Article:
Gulley, Philip; Mulholland, James (2009-03-17). If Grace Is True: Why God Will Save Every Person (Plus) (pp. 14-15). HarperCollins. Kindle Edition.

It is indeed hard to comprehend the fullness of God’s grace. Man puts many obstacles in the way of it and unfortunately as the above quote says the church which should be about removing obstacles seems instead puts many of them there. Many versions of church tell us that God can’t stand to look at us because we are just too sinful. They tell us that God sees us as no more than a piece of snot. Each individual version of church almost always tells us that they alone know the heart of God; everyone else just has it wrong in one manner or another.

They tell us that if we really want to be saved from God’s wrath then we must jump through all the hoops they put in front of us. If we dare to skip one or two or question why the hoop is there in the first place then we are told that we are not good enough to be with them.  Of course all these hoops and barriers are man-made; they are not from God.

When Martin Luther, a lowly monk, dared to question the practices of the church of his time the hammer came down hard. He was severely chastised and eventually kicked out.  The rules/hoops of those times mandated that you must pay indulgences in order to get your departed loved ones into heaven.  Martin Luther said no to that hoop.  You might think that he would have learned a lesson from this but that was not to be the case.

Luther decided to put his own conditions on church membership. For you to belong to his church you had to believe that the only way God can communicate with you is through the man-made document of the fourth century. You had to believe that everything in that document compiled under the eyes of a Roman emperor is literally true (or at least according to Luther’s understanding of literally true) and without the possibility of any error. If you don’t jump through this hoop then you were not good enough to be a part of his newly formed church. When Luther limited God’s communications with us to only a 1200 year old document he put in place a condition that was perhaps more harmful than the one he rebelled against.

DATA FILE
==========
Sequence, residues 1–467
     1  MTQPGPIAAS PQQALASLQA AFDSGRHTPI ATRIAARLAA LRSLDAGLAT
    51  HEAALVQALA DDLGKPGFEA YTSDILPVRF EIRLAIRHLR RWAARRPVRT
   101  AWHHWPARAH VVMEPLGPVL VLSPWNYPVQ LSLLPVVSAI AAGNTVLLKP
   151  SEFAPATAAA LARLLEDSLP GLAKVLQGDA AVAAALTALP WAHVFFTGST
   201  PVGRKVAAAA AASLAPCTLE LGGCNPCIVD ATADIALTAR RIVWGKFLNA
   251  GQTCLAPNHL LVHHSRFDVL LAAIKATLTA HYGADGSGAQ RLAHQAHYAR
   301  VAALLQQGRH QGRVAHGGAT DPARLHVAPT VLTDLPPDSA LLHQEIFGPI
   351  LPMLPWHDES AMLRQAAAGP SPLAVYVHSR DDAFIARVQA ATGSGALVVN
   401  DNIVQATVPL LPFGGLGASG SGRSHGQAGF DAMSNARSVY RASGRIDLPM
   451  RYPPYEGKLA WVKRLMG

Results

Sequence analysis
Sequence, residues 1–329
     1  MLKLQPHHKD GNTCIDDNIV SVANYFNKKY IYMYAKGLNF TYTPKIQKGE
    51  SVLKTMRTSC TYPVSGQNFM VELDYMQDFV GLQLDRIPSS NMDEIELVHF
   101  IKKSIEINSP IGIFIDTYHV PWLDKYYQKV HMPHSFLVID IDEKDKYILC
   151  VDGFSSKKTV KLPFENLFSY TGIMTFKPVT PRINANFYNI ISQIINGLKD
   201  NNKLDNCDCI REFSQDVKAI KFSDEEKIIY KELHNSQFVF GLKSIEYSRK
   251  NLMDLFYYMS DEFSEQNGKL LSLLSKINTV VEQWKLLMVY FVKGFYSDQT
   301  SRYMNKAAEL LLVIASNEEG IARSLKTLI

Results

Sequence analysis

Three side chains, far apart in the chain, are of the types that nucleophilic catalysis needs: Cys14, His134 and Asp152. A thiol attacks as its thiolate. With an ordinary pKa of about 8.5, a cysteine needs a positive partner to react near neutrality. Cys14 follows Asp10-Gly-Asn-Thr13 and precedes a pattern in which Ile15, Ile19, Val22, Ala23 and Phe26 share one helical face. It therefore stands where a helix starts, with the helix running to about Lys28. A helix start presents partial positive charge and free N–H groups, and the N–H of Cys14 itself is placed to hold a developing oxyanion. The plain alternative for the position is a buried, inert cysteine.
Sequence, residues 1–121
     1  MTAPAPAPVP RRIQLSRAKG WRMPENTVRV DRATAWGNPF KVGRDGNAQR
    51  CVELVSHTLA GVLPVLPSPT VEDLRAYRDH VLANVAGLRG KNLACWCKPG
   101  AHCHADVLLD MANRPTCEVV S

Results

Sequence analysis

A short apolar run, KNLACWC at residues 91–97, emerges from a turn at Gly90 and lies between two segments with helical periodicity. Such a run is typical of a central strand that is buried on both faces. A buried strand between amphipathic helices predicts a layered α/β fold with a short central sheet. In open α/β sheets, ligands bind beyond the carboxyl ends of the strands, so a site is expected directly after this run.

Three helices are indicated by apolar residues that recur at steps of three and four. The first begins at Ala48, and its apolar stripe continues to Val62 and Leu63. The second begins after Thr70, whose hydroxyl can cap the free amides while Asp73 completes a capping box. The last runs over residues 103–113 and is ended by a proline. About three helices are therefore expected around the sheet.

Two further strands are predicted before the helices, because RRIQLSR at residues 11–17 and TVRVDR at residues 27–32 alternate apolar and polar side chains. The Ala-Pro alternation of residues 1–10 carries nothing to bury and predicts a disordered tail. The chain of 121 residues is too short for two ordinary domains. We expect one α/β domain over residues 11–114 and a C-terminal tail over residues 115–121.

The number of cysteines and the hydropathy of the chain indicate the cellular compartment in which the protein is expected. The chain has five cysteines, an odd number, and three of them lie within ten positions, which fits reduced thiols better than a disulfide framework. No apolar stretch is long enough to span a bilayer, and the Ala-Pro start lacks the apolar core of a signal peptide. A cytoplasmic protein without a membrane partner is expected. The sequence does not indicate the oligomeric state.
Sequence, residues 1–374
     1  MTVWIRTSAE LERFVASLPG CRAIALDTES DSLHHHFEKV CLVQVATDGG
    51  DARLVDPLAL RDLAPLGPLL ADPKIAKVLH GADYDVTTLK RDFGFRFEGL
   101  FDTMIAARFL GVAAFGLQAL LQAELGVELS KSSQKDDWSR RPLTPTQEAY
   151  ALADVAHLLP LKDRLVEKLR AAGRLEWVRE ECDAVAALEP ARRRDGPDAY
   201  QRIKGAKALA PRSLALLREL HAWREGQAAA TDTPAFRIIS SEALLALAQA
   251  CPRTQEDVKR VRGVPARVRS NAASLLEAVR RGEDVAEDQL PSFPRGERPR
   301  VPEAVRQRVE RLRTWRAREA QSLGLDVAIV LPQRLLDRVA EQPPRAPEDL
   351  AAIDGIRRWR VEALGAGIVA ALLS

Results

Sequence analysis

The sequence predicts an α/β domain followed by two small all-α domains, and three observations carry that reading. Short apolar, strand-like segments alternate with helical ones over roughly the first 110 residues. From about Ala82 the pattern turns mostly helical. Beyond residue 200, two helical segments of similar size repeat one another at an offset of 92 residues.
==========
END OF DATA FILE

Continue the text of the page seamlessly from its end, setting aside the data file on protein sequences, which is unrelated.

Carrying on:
It appears that I am picking on one particular denomination of the 39,000 different versions of church around today. For this post that may be the case but in reality the only thing that is different between most of the rest are the hoops themselves.

Confusion, fear, prejudice, ignorance, and especially pride get in the way of experiencing God’s grace.  All of these conditions are man-made, especially the last one. The church should be about getting rid of these obstacles. That should be its primary purpose.  Sadly that is not yet the case…..

God’s Wrath….

March 14, 2013 — Leave a comment

Many share my love for Jesus. We accepted him as Lord. We were baptized in his name. We became his disciples. We worshiped and adored him. Yet we’ve often divorced the words and actions of Jesus from the God he worshiped and adored. We’ve forgotten the very one Jesus came to reveal.